OPINION OP THE COURT.
This is an action in mandamus brought by the appellee against the appellants to compel them to make a levy in Dona Ana county of a táx for the purpose of paying wild animal bounties, as is provided for by sections 1330 to 1333, Code 1915: The appellee was the owner of receipts duly issued under the provisions of the statute above mentioned in the amount of $1,619, and there were receipts outstanding in the hands of other owners and holders in the amount of $10,408, in behalf of whom, as well as himself, the appellee brought this proceeding. The appellants failed, neglected, and refused to make a levy under the provisions of the above-mentioned statute for the purpose of accumulating a wild animal bounty fund, out of which to pay the amounts due all owners and holders of such receipts, and there was not sufficient moneys in that fund to pay the same.
The petition for the alternative writ recited these and other facts, and thereupon an alternative writ was *312issued. At the return day, the appellants answered admitting all of the material allegations of the alternative writ, but they averred that the act under which they were authorized to levy the tax had been repealed by chapter 52, Laws 1923, and alleged that by reason of such repeal there was no authority to make the levjr mentioned.
It is apparent that the question involved is a very narrow one. The Legislature through the sections of the Code above mentioned had offered to pay to every one a certain bounty upon specified wild animals. The animals had been killed; and evidence thereof had been presented to the county clerk of the county as provided by the statute, and certificates of indebtedness had been issued to various persons, to the right of whom the appellee had succeeded, and others similarly situated held such certificates. The offering of this reward and the performance by the various people of the conditions' mentioned in the statute constituted a contract between the county of Dona Ana and the respective persons concerned. Thereby vested rights arose between the parties and the county. To allow the repeal of the statute under which these rights became vested to operate to destroy the right would be to impair the obligation of the contract between the parties, and would be violative of the Constitution of the United States (article 1, § 10, cl. 1) as well as section 19 of article 2 of the state Constitution. That such a right may not be taken away by legislation, see 12 C. J. Constitutional Law, § 620; Smith v. Auditor-Gen., 80 Mich 205, 45 N. W. 136 (bounty to soldiers); Bickerdike v. State, 144 Cal. 681, 78 Pac. 270 (wild animal bounty); Chalk v. Darden, 47 Tex. 438; Commissioners v. Hudson, 20 Kan. 71; East Saginaw Mfg. Co. v. Saginaw, 19 Mich, 259. 259, 2 Am. Rep. 82; Salt Co. v. East Saginaw, 13 Wall. 373, 20 L. Ed. 611; Calder v. Henderson, 54 Fed.. 802, 4 C. C. A. 584; Ingram v. Colgan, 106 Cal. 113, 38 Pac. 437, 28 L. R. A. 187, 46 Am. St. Rep. 221; Kavanagh v. Board Police Commissioners, 134 Cal. 50, 66 Pac. 36; Cooley’s Const. Lim. (7th Ed.) 547.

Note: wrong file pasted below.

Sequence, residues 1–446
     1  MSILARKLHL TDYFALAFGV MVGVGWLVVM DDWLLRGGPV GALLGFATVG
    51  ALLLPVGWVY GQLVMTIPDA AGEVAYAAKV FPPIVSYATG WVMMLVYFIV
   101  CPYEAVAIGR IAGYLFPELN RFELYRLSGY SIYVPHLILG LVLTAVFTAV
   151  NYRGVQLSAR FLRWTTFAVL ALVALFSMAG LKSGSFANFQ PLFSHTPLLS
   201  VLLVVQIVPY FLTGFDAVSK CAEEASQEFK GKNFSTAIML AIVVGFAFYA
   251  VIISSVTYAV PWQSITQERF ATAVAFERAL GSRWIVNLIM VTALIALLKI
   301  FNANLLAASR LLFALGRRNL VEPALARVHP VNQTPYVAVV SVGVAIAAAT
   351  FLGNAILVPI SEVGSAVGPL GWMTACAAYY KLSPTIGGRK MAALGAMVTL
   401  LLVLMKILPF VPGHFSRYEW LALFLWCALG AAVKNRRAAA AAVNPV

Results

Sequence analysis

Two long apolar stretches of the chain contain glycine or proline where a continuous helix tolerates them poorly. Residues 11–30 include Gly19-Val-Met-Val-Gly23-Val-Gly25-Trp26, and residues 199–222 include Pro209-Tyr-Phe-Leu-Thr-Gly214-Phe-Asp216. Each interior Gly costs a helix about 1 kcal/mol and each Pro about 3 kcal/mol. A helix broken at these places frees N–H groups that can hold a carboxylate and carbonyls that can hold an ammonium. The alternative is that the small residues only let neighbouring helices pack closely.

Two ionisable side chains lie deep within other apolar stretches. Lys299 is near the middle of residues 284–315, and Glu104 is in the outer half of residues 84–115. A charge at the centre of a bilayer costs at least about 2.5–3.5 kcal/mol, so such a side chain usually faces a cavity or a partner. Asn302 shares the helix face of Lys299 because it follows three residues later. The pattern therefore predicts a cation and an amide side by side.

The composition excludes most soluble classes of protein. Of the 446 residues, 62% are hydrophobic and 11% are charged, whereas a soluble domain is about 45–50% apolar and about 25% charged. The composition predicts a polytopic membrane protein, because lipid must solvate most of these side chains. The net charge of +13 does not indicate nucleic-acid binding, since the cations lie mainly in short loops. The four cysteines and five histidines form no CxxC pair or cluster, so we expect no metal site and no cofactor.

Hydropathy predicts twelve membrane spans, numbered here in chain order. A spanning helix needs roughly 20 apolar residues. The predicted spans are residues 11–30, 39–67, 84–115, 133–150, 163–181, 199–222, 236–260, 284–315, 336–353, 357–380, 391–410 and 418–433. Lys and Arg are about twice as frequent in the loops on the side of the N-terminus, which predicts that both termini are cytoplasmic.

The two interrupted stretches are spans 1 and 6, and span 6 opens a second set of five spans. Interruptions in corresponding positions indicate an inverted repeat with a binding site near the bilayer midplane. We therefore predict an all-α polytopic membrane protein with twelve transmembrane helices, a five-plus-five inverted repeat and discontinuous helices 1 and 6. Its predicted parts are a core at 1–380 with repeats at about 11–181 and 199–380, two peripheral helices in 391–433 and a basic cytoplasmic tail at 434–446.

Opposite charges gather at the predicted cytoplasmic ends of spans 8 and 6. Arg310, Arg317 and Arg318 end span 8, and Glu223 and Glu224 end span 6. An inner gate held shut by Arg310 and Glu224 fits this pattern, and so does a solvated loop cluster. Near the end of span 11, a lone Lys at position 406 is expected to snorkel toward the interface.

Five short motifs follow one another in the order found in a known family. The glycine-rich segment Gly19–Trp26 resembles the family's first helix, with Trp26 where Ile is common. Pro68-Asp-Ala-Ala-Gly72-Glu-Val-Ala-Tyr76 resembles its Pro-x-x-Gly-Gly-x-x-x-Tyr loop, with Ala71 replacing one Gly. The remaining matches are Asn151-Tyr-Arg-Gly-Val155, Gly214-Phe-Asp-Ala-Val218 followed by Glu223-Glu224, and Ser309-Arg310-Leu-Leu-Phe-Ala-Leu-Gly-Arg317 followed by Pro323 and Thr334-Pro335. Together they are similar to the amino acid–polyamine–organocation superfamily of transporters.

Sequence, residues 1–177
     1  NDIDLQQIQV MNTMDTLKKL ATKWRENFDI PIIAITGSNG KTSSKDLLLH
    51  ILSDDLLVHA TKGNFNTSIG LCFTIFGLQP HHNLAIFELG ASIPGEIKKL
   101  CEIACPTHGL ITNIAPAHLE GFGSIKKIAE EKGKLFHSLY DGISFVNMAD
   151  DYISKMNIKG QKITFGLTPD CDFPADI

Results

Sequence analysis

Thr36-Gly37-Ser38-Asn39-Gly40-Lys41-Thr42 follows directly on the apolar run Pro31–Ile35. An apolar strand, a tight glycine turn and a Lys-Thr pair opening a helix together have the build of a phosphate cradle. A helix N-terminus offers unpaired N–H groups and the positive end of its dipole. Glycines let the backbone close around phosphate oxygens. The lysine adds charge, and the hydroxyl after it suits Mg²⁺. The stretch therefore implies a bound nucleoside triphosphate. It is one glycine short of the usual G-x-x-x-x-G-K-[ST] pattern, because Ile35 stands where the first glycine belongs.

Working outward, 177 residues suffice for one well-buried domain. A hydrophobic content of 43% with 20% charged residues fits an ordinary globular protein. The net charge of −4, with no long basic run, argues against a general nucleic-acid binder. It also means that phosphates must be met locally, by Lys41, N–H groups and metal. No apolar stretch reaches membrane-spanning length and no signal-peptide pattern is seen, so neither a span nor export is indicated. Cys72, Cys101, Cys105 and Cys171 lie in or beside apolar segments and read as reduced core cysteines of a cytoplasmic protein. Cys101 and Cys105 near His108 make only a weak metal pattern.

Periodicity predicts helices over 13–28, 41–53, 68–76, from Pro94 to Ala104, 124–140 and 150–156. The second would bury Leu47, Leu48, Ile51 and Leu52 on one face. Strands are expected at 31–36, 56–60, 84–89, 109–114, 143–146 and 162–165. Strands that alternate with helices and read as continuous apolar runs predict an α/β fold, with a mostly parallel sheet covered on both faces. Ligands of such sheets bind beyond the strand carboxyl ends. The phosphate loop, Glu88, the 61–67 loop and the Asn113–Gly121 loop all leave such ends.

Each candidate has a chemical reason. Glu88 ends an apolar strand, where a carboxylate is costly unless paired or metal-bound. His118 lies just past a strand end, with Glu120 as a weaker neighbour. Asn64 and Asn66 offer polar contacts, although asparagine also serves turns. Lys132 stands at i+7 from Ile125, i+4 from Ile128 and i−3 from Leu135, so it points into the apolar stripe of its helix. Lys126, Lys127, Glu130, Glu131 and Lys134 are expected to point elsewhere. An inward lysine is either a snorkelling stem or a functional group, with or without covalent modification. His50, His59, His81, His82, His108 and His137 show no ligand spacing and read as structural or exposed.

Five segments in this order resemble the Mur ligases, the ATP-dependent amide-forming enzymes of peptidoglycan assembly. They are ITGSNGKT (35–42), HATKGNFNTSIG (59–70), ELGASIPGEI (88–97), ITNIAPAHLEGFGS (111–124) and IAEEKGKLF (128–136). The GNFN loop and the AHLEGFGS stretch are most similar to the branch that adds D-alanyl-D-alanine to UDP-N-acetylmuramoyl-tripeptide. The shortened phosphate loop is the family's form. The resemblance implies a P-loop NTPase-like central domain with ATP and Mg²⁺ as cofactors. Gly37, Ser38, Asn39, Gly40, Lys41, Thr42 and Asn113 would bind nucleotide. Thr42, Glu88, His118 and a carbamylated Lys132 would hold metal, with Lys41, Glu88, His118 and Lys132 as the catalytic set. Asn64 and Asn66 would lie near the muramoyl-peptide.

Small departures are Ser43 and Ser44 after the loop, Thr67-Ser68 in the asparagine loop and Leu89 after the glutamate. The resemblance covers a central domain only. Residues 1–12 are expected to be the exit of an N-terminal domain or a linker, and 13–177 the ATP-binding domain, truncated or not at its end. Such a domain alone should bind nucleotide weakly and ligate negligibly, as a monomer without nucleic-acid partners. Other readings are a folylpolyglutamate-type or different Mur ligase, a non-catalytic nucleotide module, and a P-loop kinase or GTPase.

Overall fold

*313Of course, it would be competent to provide other modes of payment of bounties already earned, but no such provision bas been made under chapter 52, Laws 1923, above mentioned, that act speaking only prospectively. Likewise there is no vested right to have the statute continued in force so as to provide bounties for animals killed in the future, but the bounty already earned must be held to be secured against legislative invasion.
It follows from the foregoing that the repealing section of chapter 52, Laws 1923, cannot be allowed to operate ot defeat rights already vested in persons who had performed the conditions mentioned in the statute.
From all of the foregoing, it appears that the judgment of the district court awarding a peremptory mandamus was correct and should be affirmed, and it is so ordered. >
BEATTON and BOTTS, JJ., concur.